Originally, the park was named on behalf of the Emperor Francis I as “Franzensberg,” or less officially “Francl.” Later it was re-named after the French historian Ernest Denis who became famous for spreading Czech history abroad and who established a Czech library in Paris. Every year, on the turn of May and June the park is the place of the first fireworks shots within “Ignis Brunensis” - the fireworks competition festival.
Soldiers Plundered All - Splendid Buildings and Plain Households
During the Napoleonic campaigns, Brno went through hard times. After they had occupied the city, the French marshals and generals wanted to enjoy their stay there and they confiscated the most splendid palaces of local aristocracy. Soldiers were garrisoned in plain burgher houses and monasteries. There was not too much comfort for them, as there were about 20 - 25 soldiers per house. The original house-owners were deprived of all their rights – they often had to sleep on plain benches or even on the ground as there was no room left for them. Ground floor shelters were often turned into horse stables. These people were not only deprived of their dwellings, they also had to feed their “uninvited guests.“ And the city itself was burdened with heavy supplies - they were obliged to provide the French with – 5,000 pairs of boots and 26,000 pounds (about 11.8 tons) of meat, 20,000 loaves of bread and 14,000 portions of oats and hay daily. This was a typical way of acquiring food in foreign territories. The soldiers usually claimed from municipal and village deputies to provide them with an exact volume of stock. The costs were to be compensated by the defeated country. As times were tough, it was not easy for the Moravians to meet the orders. It was obvious that soldiers requisitioned everything they found, quite often with the assistance of local people, as some of them quite enjoyed the situation of disclosing hidden stocks.
Brno Full of Captives and Wounded Soldiers
As you know, during the battle the French started to transfer their wounded soldiers and captives to Brno. Little by little, their number mounted to thousands – some of them suffered from lacerated wounds, serious head injuries, others lost their limbs or eyes. A number of horses suffered because of leg injuries that prevented them from any movement. “We were totally shocked, we cried like babies,” the priest Horký recalls. Not only the wounded hit the city – a plague of typhoid fever spread very fast and caused other hundreds of people´s death. The plague was cut by first frost around Christmas time.
War reparations, defeated Austria was obliged to compensate to victorious France, were the last bitter drop for the Moravian-Silesian Lands. Brno was also obliged to compensate a significant portion of them. People fell in total despair: “No other city had suffered so much as Brno had during this war.” The toughest burden of the city was removed on 12th January, the day when the last French soldier had left the city.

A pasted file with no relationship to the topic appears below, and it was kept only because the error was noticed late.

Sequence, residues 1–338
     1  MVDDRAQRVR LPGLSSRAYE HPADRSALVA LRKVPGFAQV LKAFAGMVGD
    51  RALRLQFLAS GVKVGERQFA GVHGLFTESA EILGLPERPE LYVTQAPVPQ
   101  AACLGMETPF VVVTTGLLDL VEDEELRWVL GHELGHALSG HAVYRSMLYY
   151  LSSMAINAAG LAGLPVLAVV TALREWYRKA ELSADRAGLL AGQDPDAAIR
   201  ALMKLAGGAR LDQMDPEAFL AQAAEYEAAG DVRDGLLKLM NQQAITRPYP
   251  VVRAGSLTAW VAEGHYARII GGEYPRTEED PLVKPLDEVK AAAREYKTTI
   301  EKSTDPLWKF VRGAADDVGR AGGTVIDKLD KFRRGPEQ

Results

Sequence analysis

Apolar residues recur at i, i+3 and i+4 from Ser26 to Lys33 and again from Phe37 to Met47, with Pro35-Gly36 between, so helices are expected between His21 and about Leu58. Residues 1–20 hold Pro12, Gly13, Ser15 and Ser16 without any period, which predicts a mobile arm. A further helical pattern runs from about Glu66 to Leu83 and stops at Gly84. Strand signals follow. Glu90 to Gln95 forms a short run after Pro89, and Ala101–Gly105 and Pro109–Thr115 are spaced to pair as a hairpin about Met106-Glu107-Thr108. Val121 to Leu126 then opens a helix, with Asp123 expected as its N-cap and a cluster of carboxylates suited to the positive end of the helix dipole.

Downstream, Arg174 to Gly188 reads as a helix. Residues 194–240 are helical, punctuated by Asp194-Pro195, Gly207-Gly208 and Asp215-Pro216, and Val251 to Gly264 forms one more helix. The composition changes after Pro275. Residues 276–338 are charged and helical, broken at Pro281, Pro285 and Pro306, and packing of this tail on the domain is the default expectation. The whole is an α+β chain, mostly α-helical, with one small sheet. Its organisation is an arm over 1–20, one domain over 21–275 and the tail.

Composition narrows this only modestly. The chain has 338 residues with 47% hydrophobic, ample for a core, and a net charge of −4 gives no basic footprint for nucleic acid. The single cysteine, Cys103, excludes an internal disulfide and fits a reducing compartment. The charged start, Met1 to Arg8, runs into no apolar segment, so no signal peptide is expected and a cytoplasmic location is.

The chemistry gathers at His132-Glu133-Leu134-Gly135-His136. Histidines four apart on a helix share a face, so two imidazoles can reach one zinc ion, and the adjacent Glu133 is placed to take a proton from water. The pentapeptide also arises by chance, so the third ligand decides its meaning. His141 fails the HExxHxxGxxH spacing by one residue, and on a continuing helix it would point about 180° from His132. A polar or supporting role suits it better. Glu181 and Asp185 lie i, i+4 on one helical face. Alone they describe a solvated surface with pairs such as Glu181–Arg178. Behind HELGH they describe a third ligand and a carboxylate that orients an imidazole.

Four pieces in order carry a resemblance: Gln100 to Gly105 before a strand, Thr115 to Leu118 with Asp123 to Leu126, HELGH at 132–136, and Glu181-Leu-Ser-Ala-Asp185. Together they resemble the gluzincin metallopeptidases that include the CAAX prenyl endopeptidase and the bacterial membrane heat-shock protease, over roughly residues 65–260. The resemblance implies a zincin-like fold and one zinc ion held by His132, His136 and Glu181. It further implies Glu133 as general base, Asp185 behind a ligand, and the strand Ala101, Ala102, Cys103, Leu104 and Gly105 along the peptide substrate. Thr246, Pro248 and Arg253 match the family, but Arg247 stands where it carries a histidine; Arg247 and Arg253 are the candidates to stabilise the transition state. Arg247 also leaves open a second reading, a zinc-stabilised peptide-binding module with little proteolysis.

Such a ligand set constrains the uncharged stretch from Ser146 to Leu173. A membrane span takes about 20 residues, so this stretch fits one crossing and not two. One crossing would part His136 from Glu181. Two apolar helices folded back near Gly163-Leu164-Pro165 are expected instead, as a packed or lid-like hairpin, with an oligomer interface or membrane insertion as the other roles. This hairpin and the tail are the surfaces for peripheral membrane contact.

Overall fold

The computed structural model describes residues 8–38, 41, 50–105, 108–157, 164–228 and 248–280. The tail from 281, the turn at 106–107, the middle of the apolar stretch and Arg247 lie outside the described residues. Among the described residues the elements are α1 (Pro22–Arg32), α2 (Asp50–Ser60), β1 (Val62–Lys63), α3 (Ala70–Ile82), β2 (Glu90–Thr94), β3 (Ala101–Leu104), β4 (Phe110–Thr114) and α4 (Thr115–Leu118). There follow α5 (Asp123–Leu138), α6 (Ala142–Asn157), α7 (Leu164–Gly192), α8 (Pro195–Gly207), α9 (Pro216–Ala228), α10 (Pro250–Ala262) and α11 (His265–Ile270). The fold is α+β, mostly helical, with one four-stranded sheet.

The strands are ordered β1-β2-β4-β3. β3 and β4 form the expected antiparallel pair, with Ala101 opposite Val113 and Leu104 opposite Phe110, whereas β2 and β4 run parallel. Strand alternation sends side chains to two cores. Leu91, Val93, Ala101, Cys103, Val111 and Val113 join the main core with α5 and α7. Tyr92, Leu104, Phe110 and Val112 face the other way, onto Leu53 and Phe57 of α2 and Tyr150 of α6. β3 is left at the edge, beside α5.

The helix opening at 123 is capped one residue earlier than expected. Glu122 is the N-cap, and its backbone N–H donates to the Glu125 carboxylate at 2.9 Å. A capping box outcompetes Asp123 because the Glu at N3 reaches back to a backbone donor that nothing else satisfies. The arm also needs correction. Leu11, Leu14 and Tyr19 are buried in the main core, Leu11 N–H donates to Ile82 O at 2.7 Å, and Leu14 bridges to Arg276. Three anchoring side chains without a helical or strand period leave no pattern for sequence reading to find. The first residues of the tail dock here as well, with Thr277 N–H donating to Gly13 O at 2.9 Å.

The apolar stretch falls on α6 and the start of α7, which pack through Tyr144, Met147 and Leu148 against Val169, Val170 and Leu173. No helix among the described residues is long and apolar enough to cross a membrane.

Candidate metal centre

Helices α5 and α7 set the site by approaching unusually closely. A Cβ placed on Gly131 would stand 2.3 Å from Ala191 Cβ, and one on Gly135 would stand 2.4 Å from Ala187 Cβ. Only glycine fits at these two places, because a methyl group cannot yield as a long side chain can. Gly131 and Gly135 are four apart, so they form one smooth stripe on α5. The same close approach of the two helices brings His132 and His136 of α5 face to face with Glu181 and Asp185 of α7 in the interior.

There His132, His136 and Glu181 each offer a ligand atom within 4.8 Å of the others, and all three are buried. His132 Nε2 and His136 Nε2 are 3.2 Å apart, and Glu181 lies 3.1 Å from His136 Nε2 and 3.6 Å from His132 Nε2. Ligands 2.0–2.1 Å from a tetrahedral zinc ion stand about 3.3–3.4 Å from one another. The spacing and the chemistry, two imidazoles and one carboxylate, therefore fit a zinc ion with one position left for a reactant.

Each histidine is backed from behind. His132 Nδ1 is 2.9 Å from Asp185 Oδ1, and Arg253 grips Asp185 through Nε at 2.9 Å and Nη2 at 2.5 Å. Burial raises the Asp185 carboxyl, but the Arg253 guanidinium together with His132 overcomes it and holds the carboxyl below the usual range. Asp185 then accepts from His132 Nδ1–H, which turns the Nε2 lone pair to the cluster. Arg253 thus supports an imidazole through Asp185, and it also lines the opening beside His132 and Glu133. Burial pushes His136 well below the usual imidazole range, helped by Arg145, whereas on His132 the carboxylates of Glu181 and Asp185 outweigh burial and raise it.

Where from Is the Most Spectacular View upon Brno?
All the above mentioned miseries are forever to be commemorated by the Obelisk in Denis Gardens. The Obelisk itself was slightly damaged during a strong storm in May 1887, when its top was hit by lightning stroke that went down the western side leaving some split blockstones behind. Even though later they were replaced, some smaller cracks have survived until present days. The park is not only a place to recall history, people come here for entertainment and relax. When strolling through reconstructed city walls, you may run across a musician playing his accordion or dancers, e.g. salsa dance instructors. The high spot experience, however is the most romantic view upon the city from there. You can see places like the Špilberk Castle, Mendlovo Square (Mendel´s Square) with Augustinian Monastery and Basilica of the Assumption of Our Lady. The square was named after the famous genetist Johann Gregor Mendel, the abbott of the ancient Augustinian Monastery, who experimented with peas plants that brought forth two generalizations which later became known as Mendel´s Laws of Inheritance. Mendel turned to experimenting with honey-bees to extend his work to animals. He was so fascinated by honey-bees that he had the plain Špilberk slopes planted for supporting their activities. Mendel’s work was rejected at first, and was not widely accepted until after he died. In 1900, however, his work was “re-discovered” by European scientists. Not only biologists but anyone interested can go through Mendel´s greenhouse where he used to experiment. It is placed in the abbacy garden in the Old Brno district – the place where Mendel´s Museum has been located as well.
Another spot among the renowned sights of Brno placed not far from Denis Gardens has been familiar with all citizens of the Czech Republic - or at least they have passed through it during an act of payment – the Cathedral of St. Peter and Paul has been depicted on the Czech ten-crown coin. This dominant is certainly worth visiting - its 84-metre high towers were designed by the architect August Kirstein. Though built in Gothic style, both towers are Neo-Gothic and its interior has prevailingly been in Baroque style.